It’s the little things

I never thought the word “mat” would give me such joy as it did on Wednesday morning.

At Sovann Komar, I generally teach from an excellent Oxford University Education syllabus through which the school has equipped the children with workbooks and class books, and the teacher (me) with a teacher book. The latter literally offers a step by step guide to each lesson, from welcoming the children as they arrive, to short activities and games, to additional work. It’s brilliant, not least because I don’t have to plan any lessons at all! However, after a few weeks back at Sovann Komar and beginning to get to know the children I was teaching a little better, I realised that the mix of abilities in my Grade 3 class was staggering. My top student, a seven year old, was reading at a higher level than all of my Grade 4 class, and my weakest student, a fourteen year old, didn’t know the alphabet. Faced with a year of teaching this ability disparity three mornings a week, I decided to take action!

When I first came to Sovann Komar in 2009, myself and my co-teacher Anna were given free reign to teach whatever we wanted. We decided that as we were facing a long stint as volunteers (six months) we may as well embark on a decent project for our Kindergarten class. After considering our possibilities, we decided that teaching the children to read would not only be an invaluable skill but also speed up their ability to learn English in the future. We used an adapted Jolly Phonics method we found online. And by adapted I meant we couldn’t afford to buy the workbooks ourselves so for several months we spent out lunch hours drawing worksheets for each of the 42 phonics and making seven workbooks to accompany each jolly phonic sound groups. Sadly, and depressingly, our extensive curriculum materials have all been lost over the past six years so when I decided to revive our Jolly Phonics work, I had to start from scratch. But it has been so worth it.

Each morning I begin my Grade 3 class by teaching them a letter, a sound, and an action, followed by a worksheet to consolidate the phonic. For example, the letter “es”, the sound “sssssss”, and the action “moving your hand like a snake”. I then use a blending technique to encourage the weaker children to combine the sounds they have learned. This has been a daily pattern for the past six weeks now. Some of them are catching on well but there are still some which are unable to connect two sounds together.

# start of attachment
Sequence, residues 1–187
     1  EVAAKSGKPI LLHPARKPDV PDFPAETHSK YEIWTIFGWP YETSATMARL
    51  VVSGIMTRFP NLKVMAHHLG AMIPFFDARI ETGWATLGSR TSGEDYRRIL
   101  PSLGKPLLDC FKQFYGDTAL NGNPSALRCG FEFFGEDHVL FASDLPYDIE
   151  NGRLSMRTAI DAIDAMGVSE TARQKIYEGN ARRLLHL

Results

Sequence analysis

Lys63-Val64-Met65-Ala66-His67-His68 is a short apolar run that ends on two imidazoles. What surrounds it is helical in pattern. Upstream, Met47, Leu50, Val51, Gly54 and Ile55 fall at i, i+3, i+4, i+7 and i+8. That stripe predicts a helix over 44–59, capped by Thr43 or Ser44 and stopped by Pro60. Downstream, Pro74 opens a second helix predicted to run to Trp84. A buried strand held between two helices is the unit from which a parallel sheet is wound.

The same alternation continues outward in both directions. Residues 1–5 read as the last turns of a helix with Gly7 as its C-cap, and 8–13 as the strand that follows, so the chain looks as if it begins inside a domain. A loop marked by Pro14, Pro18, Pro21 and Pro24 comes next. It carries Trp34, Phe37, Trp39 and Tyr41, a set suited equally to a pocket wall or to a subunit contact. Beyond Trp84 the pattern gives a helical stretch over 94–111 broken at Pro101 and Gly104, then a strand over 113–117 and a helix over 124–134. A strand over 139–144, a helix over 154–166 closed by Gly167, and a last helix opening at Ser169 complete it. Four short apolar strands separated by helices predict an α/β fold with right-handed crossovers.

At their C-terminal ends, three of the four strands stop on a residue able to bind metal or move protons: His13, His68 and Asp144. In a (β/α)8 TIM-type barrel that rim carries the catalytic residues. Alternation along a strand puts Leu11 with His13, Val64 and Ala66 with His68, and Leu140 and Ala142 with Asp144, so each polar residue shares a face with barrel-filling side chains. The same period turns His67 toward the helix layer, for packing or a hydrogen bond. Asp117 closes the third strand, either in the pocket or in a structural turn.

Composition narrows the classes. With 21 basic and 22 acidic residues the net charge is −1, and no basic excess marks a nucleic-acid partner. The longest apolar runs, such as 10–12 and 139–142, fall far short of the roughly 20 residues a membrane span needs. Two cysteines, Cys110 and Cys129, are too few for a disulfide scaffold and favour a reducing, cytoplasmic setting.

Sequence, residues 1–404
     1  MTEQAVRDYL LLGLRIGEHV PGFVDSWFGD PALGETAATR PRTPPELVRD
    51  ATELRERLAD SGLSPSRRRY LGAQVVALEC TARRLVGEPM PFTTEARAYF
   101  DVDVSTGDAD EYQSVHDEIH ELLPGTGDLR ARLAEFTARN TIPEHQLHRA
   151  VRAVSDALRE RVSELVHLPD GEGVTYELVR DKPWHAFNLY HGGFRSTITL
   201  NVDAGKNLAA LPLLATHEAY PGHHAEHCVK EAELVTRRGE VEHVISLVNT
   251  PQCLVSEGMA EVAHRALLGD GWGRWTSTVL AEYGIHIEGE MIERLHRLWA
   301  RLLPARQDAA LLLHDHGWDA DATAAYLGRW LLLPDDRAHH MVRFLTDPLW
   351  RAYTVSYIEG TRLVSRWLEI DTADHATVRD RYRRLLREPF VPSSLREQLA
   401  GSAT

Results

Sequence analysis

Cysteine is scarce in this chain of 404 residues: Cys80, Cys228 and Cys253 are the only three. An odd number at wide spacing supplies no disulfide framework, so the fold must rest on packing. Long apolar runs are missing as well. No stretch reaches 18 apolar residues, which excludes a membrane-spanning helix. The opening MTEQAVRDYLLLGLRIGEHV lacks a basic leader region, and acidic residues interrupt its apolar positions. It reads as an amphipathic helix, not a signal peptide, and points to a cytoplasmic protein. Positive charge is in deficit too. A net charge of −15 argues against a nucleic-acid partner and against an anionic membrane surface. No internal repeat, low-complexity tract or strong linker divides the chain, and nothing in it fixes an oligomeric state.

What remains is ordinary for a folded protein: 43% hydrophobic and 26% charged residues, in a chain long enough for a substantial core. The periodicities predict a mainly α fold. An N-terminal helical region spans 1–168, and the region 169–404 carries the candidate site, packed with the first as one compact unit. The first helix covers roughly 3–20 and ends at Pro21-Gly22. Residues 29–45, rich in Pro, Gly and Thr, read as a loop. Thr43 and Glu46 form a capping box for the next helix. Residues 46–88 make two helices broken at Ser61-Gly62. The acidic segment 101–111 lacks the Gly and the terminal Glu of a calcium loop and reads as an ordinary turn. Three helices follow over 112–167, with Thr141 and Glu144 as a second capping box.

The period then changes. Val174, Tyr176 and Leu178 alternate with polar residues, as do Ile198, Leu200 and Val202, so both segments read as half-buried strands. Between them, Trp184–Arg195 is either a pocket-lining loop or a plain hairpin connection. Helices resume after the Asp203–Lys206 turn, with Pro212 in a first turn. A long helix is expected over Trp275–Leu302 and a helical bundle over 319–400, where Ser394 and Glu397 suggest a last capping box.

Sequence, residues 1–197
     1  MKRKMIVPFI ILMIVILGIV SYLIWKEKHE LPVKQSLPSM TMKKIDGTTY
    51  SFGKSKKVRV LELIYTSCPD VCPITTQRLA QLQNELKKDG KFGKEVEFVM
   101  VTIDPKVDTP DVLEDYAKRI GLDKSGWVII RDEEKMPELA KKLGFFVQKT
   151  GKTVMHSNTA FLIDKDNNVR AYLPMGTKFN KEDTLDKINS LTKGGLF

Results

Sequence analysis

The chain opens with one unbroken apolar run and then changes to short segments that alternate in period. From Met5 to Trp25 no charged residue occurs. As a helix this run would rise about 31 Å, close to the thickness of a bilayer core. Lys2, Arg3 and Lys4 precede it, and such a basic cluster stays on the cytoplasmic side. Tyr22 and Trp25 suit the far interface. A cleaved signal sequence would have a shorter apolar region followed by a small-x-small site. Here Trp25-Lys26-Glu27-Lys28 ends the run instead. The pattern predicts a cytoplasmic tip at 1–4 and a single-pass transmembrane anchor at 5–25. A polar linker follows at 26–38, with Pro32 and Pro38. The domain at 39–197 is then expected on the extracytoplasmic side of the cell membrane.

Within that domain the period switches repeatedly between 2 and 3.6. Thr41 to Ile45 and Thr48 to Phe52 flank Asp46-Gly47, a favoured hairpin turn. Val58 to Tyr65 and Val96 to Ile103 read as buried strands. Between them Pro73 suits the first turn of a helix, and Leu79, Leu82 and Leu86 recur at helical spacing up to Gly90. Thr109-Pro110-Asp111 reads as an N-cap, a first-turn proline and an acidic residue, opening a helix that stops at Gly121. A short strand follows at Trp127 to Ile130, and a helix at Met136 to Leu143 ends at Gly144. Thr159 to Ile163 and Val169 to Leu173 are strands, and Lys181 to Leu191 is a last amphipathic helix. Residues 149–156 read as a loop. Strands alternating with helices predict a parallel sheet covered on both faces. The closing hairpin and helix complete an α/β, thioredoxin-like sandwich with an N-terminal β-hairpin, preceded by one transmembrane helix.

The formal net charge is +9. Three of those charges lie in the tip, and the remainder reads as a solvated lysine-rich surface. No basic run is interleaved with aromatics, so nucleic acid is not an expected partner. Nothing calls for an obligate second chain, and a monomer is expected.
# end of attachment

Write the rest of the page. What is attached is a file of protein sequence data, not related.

One such child is Bot, a sweet kid but one who’s comprehension of spoken English is virtually non-existent, and who cannot read at all. He does appear to be an excellent mathematician however, something I inadvertently discovered one lesson. Each Wednesday I spent the final hour of my teaching with Grade 3 in Sovann Komar’s onsite library, affording me the opportunity to spend some one-on-one time reading with each child, further aiding them in their development of this vital skill. For the past three months/twelve weeks/nine (Khmer holidays always fall on a Wednesday) library sessions, Bot and I have been reading “Cat”. I think you can guess how the book goes. The starting page is “Cat sat on the mat”. Firstly, Bot has been reading “on” as “no” every week since we started until last week. But the real breakthrough was on Wednesday this week. The previous week I had taught the children “em”, “mmmmmmmm”, “rubbing your tummy like you’re enjoying some nice food”. The letters/sounds “a” and “t” are taught early on in the Phonics syllabus but it was not until this week that Bot had all the components he needed to blend together “mat”. I had fully expected to be prompting him through it and eventually give him the word but to my great surprise and delight, he began blending the sounds without any encouragement from me. I sat next to him, my hands hovering over the keypad where they were ready to write in his spreadsheet “still cannot read mat”. Holding my breath, I watched his face, scrunched up in concentration and he carefully sounded through “m” “a” “t”. The moment “mat” came, hesitantly at first, from his lips, I felt a wave of euphoria that I rarely experience. Here, grinning up at me, was proof that my teaching is working, that I am making process with a kid who tries so hard and yet so often cannot accomplish even the simplest of reading tasks. Giving Bot a high five and sending him off to lunch with a smile on his face, I don’t think he will ever comprehend the combination of happiness and pride I felt in that moment. It may only be a three letter word, but “mat” now holds a special place in my heart. It’s the little things ….

Meet Bot - my reading prodigy

Meet Bot – my reading prodigy

Categories: breakthrough, Cambodia, children, Education, itsthelittlethings, jollyphonics, progress, proud, satisfaction, Teaching | Tags: , , , , , , , | 3 Comments

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3 thoughts on “It’s the little things

  1. Mrs Lemon

    Brilliant! So rewarding for you and for Bot that he is deciphering the key to reading and language.


  2. Mary Roddick

    Very moving. An evocative account of those (all too rare) moments in teaching when both pupil and teacher recognise a breakthrough and can share in its thrill.


  3. Pingback: School’s Out for the Summer | Lemon in Cambodia

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